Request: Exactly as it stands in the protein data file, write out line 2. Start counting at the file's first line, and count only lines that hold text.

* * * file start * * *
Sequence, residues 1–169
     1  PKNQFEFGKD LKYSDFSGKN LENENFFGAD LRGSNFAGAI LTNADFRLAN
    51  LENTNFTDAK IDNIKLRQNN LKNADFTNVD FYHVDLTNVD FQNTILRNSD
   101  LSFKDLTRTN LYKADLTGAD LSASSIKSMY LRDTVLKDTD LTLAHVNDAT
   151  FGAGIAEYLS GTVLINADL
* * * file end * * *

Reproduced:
     1  PKNQFEFGKD LKYSDFSGKN LENENFFGAD LRGSNFAGAI LTNADFRLAN